“It was an automatic response. So yes, it may not have been the right thing to do in the moment, it may not have been the correct way of getting my point across. It was an automatic response. I’ve seen it happen a couple of times before, I’ve been octagon side a couple of times. One in particular which I will cover in a minute, but when I saw him go down, I knew he was out. I’ve watched enough MMA, I’ve been in enough fights, I’ve put enough people in that situation to know when someone’s not ready to continue, and so did (Francisco) Trinaldo.

Hardy continued on, saying how Trinaldo pausing is most likely where the confusion comes in. That if he would’ve charged for Herbert as soon as he dropped, rather than waiting because he knew he was done, Dean probably would’ve stopped it.

“I didn’t get up and go to Herb (Dean), I was in my commentary spot. I was standing up to turn and put my headset on in a different way to face the camera and interview Trinaldo. That was what my job was to do in that moment. It was Herb that approached the commentary desk and asked me if I was speaking to him, and I said, ‘yes I was, that was the second time tonight.’ The first one was the Tanner Boser fight, not nearly as bad.

“Pessoa was caught with a knuckle to the eye, that’s often a reaction that you get when someone’s fractured an orbital bone or something like that, because immediately there’s a blurred vision, they crash to the floor, they don’t want any more. He curled up in a ball and I think took nine hammerfists. So, unfortunately for me, Herb had already set a precedent that night of being late to react. And when I saw Jai go down in that way, I knew that the fight was over. I needed to say something, I couldn’t not.”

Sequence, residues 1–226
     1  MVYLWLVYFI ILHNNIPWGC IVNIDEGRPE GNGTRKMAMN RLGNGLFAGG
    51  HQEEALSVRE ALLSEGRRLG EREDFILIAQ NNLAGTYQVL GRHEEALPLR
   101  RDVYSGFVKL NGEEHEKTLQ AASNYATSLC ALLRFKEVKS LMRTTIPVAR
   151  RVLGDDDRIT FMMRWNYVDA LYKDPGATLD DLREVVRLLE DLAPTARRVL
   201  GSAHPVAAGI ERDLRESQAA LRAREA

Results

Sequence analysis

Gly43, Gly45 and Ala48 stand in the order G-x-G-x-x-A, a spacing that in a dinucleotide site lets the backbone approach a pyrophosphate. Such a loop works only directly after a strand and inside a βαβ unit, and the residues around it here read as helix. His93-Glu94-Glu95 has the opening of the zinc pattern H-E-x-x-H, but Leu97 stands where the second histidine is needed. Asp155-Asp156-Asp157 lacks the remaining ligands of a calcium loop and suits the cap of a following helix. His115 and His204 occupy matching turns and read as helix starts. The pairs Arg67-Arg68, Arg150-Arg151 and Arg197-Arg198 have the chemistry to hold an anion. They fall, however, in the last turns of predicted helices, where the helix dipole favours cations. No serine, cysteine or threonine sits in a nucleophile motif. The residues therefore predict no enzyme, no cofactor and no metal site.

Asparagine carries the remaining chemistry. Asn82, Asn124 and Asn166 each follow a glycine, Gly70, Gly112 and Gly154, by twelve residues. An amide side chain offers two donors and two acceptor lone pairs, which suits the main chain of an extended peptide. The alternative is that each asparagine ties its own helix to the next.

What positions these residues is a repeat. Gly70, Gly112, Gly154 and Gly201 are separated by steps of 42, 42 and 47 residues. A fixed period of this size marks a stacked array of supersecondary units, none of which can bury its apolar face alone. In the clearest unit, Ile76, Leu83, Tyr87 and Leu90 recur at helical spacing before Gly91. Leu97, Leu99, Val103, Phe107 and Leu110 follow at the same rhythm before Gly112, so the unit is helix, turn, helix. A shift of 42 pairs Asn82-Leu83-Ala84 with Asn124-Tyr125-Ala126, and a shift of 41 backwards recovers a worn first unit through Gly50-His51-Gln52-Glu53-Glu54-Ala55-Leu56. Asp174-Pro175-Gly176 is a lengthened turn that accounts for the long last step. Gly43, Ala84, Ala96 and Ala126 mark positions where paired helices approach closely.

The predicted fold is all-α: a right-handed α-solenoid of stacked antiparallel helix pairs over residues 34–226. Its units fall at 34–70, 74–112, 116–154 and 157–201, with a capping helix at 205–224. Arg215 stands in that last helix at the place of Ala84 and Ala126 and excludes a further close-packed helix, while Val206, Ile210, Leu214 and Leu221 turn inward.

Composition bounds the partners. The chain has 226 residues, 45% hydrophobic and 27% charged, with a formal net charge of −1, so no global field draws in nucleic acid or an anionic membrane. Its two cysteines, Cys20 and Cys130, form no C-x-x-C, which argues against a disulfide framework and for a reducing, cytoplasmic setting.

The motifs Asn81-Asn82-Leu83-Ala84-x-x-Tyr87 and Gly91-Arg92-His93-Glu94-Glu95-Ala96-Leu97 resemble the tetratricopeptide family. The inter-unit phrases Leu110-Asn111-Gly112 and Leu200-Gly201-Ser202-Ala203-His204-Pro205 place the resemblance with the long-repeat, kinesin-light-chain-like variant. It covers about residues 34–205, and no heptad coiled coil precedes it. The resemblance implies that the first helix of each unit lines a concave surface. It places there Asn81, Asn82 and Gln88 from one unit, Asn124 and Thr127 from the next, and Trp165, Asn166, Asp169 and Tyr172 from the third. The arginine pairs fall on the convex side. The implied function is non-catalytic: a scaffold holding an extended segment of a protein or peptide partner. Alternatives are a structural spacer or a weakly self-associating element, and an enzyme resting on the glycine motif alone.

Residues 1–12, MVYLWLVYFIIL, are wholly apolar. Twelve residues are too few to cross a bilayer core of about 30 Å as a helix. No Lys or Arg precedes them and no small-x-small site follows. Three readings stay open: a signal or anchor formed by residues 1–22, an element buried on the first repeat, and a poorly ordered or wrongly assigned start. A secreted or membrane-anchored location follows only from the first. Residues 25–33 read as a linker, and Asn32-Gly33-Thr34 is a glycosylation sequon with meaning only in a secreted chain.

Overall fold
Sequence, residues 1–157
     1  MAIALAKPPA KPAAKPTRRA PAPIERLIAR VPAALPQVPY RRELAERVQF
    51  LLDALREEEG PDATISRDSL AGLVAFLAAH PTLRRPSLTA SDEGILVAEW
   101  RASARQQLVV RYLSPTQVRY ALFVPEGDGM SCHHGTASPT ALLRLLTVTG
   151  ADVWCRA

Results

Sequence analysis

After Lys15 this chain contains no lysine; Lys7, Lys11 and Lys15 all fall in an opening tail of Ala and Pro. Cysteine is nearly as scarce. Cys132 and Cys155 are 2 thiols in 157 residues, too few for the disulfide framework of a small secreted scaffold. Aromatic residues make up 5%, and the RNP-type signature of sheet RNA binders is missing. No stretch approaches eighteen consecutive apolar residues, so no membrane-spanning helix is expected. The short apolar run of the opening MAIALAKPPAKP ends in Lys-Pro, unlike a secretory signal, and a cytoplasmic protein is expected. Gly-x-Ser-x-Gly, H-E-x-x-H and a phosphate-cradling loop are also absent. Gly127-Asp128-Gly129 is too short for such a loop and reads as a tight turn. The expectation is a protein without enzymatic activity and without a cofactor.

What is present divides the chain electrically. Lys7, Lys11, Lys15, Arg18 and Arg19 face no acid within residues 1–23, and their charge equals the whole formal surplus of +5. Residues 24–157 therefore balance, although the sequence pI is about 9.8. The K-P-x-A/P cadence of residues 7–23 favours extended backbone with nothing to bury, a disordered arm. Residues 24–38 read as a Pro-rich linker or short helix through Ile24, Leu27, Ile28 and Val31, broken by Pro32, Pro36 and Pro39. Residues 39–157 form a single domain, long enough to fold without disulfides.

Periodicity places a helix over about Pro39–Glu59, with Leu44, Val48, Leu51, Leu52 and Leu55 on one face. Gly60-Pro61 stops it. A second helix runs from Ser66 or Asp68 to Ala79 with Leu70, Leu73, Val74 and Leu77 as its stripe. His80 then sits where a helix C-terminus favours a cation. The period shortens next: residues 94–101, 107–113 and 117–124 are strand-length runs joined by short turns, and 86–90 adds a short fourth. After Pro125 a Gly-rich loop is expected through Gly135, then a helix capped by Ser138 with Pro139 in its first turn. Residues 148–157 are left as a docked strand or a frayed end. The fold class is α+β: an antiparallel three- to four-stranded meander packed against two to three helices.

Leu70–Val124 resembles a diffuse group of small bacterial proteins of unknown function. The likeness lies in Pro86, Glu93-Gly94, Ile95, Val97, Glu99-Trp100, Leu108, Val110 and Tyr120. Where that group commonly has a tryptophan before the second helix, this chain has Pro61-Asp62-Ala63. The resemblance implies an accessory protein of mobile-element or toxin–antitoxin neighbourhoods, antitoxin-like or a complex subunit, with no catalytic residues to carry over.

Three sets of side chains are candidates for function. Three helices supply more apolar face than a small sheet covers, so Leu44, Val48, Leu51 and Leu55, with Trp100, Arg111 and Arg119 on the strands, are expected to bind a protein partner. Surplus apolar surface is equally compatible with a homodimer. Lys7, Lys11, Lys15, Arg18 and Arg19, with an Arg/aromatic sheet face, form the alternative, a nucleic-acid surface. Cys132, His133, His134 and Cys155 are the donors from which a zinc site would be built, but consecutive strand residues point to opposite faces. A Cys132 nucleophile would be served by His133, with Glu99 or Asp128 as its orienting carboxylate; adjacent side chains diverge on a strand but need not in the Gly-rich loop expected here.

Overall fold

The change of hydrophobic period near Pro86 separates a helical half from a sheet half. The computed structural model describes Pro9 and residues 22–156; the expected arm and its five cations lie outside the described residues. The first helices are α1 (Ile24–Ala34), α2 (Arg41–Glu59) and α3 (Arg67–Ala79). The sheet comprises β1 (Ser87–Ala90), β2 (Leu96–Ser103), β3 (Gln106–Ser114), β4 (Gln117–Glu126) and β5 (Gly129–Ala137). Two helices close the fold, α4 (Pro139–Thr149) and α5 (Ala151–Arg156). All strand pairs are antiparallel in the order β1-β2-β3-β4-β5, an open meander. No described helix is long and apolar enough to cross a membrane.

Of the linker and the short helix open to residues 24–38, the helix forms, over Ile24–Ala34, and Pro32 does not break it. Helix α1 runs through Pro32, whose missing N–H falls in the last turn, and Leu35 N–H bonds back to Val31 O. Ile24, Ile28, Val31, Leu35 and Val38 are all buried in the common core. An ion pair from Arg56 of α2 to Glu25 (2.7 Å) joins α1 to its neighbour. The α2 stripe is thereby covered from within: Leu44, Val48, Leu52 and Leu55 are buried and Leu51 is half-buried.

Hardy continued on, explaining why it’s solely the referees job to not make these errors:

“Herb saying that he didn’t know whether it was the commission to do it (stop the fight) or not, that’s nonsense. Not in the history of the UFC has a commissioner stopped the fight mid-flow. They (will) stop in between rounds, they’ll stop it when the doctor’s there checking, but the referee is the sole controller of the flow of the fight. In a lot of places you can’t even throw the towel in.

“Most of the time when the towel goes in, and you’ll see this in boxing, the referee will either throw it out, or not acknowledge it and continue to ref the fight ’til they deem that the fight’s unable to continue. The corner team can’t throw the towel in themselves in a lot of states, they have to tell the commissioner. So if you see one of your teammates, training partners, friends hit the deck, the process to go through and stop that fight is far too long. So that’s something else we need to address.”

Do you agree with Dan Hardy?

I became a fan of combat sports when I was 12 years old. I was scrolling through the channels and landed upon versus, where WEC was televised. Urijah Faber fought Jens Pulver for the second time that night. That’s the first fight I saw, and the fight that got me hooked on the sport. Since then, the sport has grown so rapidly, and my goal is to enlighten everyone on what’s going on in the sport today.